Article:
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Teaching Children to Respect Authority


I had to laugh at an email I received over the weekend. It’s from a blog network wanting to add me, and the message was very flattering. Especially this line: “This can help further establish you as an authority on raising a child.


I’m so far from an authority on child-rearing. In fact, because I know so very little on the topic, I’m coming to you with a question today.

How do you teach a child to respect authority?

I have a child (who will remain unnamed) who thinks they are every adult’s peer, despite their small stature and low number of years. They talk back, throw out orders, contradict, argue, and play my husband and I against each other (though it has never succeeded). Those who hear or see it now thinks it’s so funny. I say, give it a year or two. The charm and humor will disappear into an obnoxious, annoying, rebellious, totally out-of-line and out-of-control child.

I feel like I’m hitting my head on a concrete wall with this child. We’ve been having them stop and re-state what they said in a respectful way (which sometimes means just saying, “Yes, mom” instead of whatever argument they have for doing their own thing) for what seems like forever, but disrespectful words and defiance is very much still the default. To  me, it doesn’t seem like we’ve made any progress in teaching respect and respectful speech.

As parents, it’s our responsibility to equip our children to function well in the world. I see this weakness in my child, and frankly, I’m discouraged. With a mouth like this, this child is utterly ill-equipped to respond to teachers, bosses, and other authorities. Somehow, we must help them learn to control their tongue and listen to others. But how?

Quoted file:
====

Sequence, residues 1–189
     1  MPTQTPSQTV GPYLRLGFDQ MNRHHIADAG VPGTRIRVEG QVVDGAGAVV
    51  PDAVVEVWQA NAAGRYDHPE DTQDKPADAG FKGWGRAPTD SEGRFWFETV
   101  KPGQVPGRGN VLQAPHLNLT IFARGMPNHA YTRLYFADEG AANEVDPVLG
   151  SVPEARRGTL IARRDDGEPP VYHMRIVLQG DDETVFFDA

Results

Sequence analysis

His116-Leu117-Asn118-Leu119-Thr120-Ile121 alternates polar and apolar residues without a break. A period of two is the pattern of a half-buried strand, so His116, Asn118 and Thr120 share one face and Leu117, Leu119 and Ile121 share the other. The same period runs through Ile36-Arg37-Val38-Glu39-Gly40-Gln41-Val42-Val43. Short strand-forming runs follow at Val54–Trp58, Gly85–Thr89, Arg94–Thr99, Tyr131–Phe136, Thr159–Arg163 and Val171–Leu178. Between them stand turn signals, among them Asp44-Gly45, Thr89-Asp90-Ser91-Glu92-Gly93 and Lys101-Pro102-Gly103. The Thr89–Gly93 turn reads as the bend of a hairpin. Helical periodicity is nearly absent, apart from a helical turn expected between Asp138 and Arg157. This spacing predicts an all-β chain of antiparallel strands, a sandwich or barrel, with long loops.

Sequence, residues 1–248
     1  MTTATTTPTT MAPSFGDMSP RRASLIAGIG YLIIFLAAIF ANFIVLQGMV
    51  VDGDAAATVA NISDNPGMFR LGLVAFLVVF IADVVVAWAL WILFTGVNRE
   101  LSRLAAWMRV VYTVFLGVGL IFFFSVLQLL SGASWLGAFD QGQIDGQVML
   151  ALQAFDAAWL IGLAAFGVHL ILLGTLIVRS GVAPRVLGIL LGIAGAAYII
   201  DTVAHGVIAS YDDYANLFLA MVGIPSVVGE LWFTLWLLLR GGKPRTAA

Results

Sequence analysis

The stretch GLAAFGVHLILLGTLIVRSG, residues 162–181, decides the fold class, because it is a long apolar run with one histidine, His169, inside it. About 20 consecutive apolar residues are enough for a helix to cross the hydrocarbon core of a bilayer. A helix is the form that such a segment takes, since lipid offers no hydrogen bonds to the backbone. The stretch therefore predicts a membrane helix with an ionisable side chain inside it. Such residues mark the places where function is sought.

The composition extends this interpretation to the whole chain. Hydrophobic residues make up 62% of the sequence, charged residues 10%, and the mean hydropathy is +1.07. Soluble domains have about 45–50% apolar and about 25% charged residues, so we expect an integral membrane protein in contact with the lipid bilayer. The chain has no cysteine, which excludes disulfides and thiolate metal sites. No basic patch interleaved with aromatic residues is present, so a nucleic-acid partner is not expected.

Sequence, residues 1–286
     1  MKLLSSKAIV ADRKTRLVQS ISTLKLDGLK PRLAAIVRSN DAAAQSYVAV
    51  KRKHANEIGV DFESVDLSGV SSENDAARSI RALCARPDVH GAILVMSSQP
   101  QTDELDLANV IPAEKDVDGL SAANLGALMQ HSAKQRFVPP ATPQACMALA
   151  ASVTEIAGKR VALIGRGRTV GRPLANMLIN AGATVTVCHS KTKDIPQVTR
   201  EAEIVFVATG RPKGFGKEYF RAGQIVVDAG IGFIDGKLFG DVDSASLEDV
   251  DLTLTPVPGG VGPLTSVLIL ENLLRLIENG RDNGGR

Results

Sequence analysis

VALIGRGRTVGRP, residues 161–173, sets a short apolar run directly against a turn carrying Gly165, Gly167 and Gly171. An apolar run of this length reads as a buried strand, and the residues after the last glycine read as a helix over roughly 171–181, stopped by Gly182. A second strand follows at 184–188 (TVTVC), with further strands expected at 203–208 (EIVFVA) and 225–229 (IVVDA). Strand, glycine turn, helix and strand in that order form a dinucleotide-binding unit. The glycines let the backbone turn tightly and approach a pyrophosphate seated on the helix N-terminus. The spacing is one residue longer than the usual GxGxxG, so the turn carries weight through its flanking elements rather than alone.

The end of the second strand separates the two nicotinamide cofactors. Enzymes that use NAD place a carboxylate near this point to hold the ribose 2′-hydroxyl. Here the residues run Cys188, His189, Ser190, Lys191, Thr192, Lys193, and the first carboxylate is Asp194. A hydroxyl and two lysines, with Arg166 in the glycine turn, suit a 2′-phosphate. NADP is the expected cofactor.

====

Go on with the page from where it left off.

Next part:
Do you have any suggestions? Is this something we just have to keep after for as long as it takes, even if that’s years, or are there other ways we can try to get through?


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  1. I cannot WAIT to hear the suggestions on this one! I have one of these little people as well, but she is 10 and I am worried about where we are headed! Need to get it under control immediately.

  2. Tara Meghan says:

    This is the most difficult question ever posed to mankind. I have been banging my head against my own walls, wailing…”HOW do I teach my children RESPECT?” Obviously, by showing it to them. But how does one show respect to children who are disrespecting all and everyone around them? I don’t knowwwww……

    My major tactic, of late, has been responding with patience when they do it to me, and shutting them down (politely but firmly) when they do it to other people. That way, it’s never a creation of a fight, or getting my back up in an interaction, it’s just pointing out the behaviour as unacceptable, and making it more about how we treat other people, as opposed to what I think is due to me (which turns into a dominance dog-fight, at my house!). The upside is that my husband quickly noticed what I was doing and has started sticking up for me when the kids are being exceptionally rude. But then, my kids are only 3 and 4. So we’ll see how it goes when they are older.

    • I totally get the dominance dog-fight. It’s really difficult to respond patiently consistently, but I think you’re on to something.

  3. We have one of those as well (he is on the debate team in high school now).. I have to confess that I was the same way. I encourage you to set the bar high for respecting elders. We have had to be EXTREMELY consistent in insisting that this child rephrase things, etc just like you mentioned for his entire fourteen years.

    That all being said, this same “weakness” is also one of his biggest strengths. He is very verbally articulate and polite. Teachers love him because he engages in the conversations in the classroom and he is a great witness for Jesus because he is not shy to say what is on his mind.

    I don’t have all the answers but try to focus on the positive aspects of this personality trait while continuing to insist on respect.

    • Thank you for that perspective — it isn’t necessarily a weakness as long as you develop the wisdom to know when to speak up.